The federal funds rate, or Fed rate, is the target interest rate set by the Federal Open Market Committee (FOMC) at which commercial banks borrow and lend their excess reserves to each other for short amounts of time (usually overnight).
The Federal Open Market Committee (FOMC), the monetary policy-making body of the Federal Reserve, holds meetings eight times a year to set the federal funds rate
The federal funds rate can have a short-term effect on consumer loans and credit card rates, as well as the securities market.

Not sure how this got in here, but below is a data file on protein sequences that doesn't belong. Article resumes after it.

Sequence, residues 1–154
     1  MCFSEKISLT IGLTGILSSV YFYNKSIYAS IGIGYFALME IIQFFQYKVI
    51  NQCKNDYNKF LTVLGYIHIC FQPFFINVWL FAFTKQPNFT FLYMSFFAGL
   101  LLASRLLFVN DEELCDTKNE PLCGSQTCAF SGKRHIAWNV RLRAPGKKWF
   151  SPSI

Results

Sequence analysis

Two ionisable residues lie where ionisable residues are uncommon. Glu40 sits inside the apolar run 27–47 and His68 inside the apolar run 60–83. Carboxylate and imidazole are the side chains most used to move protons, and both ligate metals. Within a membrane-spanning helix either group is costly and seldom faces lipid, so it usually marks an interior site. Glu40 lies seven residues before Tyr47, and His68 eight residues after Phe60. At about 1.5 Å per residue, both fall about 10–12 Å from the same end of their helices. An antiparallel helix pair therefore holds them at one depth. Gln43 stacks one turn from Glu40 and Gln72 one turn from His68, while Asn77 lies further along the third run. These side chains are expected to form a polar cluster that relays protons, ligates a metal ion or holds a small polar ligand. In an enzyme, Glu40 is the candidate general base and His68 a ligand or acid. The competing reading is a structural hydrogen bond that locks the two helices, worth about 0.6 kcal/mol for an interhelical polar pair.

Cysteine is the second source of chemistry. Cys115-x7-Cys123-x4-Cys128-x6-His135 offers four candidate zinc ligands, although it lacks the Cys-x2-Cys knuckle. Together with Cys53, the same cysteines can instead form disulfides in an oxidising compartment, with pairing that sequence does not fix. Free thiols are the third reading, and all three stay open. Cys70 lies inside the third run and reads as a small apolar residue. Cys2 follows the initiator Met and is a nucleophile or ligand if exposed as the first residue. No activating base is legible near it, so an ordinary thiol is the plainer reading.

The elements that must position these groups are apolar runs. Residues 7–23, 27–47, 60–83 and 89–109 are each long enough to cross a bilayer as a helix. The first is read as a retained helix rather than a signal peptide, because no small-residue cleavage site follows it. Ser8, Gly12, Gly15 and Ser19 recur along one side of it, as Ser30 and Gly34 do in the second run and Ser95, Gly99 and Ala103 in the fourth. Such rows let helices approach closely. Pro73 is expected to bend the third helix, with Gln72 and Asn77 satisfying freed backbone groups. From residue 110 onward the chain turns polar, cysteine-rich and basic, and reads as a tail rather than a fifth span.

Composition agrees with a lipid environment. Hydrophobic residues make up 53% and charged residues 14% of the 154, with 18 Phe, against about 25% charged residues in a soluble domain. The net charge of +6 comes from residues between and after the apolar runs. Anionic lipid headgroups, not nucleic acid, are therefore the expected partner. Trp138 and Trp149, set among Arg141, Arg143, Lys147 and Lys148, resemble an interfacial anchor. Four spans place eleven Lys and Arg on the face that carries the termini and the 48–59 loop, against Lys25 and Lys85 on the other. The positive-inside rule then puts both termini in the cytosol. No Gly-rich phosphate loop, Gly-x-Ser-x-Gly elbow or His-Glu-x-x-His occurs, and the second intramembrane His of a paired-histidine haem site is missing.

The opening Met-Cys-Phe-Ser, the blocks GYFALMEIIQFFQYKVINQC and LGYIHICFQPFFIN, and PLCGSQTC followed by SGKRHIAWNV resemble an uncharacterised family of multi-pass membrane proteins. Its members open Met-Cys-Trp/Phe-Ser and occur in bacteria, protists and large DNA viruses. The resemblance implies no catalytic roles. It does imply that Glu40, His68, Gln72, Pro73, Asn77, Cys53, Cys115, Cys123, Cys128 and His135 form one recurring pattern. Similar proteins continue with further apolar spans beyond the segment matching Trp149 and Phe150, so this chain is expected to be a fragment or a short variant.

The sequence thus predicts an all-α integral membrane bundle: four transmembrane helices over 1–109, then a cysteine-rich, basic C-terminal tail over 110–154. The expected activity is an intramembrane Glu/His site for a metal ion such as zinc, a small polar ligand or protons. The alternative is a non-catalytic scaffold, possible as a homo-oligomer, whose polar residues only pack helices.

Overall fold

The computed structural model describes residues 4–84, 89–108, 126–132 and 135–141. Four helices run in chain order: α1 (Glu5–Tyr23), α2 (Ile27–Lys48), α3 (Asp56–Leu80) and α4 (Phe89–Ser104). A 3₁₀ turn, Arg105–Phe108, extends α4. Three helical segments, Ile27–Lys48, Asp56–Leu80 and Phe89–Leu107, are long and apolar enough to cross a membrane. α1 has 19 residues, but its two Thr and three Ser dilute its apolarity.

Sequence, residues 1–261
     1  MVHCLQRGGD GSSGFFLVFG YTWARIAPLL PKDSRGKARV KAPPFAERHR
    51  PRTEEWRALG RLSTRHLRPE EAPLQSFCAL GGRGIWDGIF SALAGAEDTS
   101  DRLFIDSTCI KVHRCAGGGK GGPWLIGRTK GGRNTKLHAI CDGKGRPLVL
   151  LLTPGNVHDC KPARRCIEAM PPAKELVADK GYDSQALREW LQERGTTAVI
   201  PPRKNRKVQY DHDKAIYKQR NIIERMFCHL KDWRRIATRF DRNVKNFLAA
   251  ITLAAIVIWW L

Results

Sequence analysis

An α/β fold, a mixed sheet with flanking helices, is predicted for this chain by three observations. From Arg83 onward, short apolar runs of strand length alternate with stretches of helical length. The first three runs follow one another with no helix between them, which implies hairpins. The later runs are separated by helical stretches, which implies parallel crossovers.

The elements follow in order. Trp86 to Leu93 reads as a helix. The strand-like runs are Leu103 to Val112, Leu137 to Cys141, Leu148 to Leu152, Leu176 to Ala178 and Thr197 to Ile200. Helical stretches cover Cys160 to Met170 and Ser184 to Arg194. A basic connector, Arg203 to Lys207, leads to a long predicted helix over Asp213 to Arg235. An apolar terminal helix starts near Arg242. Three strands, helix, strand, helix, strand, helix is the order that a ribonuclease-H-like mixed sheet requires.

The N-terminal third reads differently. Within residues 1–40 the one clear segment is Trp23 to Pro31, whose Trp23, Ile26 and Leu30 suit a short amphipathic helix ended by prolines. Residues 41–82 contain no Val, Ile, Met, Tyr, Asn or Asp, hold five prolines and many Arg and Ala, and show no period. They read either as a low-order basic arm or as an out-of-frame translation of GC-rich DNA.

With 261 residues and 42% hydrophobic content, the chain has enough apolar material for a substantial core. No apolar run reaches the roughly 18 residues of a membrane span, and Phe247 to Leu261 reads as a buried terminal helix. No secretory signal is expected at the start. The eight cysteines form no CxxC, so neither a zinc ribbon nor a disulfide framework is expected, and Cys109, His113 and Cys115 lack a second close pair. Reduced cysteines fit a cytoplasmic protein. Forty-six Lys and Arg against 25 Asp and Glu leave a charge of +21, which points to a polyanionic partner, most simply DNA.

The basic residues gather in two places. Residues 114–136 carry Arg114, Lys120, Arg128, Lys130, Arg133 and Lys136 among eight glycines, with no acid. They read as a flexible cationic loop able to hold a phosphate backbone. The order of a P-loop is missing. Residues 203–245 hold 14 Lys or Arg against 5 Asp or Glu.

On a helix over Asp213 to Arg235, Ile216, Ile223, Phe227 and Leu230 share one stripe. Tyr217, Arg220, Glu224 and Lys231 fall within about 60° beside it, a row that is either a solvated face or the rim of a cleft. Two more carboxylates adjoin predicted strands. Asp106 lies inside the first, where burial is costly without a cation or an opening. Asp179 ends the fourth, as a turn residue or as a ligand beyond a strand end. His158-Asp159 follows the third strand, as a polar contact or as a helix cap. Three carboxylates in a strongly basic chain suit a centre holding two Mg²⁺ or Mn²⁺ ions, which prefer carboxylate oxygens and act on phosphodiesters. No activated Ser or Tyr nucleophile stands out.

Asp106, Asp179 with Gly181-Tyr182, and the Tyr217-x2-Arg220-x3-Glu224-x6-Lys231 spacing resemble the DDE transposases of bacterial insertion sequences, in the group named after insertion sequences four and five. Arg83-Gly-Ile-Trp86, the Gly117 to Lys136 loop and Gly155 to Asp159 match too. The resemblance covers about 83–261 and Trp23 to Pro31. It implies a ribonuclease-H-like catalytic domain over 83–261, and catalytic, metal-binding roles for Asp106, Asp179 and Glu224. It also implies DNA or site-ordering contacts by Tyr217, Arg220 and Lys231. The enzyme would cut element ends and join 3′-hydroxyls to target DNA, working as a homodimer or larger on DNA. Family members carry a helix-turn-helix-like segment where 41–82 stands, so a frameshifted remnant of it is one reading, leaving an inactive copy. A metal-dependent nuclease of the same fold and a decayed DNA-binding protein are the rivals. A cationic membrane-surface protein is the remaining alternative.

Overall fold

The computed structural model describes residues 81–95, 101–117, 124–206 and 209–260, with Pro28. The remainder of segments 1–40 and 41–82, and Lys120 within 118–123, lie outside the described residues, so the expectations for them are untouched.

Banks must maintain a reserve of a certain percentage of their deposits in the Federal Reserve Bank account by law. The amount of money a bank must keep in its Fed account is known as the reserve requirement and is based on a percentage of the bank’s total deposits.
The target rate value by the Federal Reserve System is achieved through open market operations. Since the Fed can’t establish the exact rate value through such operations, the real value may be more or less than the target value.
The federal funds rate is one of the most important interest rates in the US economy since it affects monetary and financial conditions. In turn, this affects key aspects of the broader economy, including employment, economic growth, and inflation.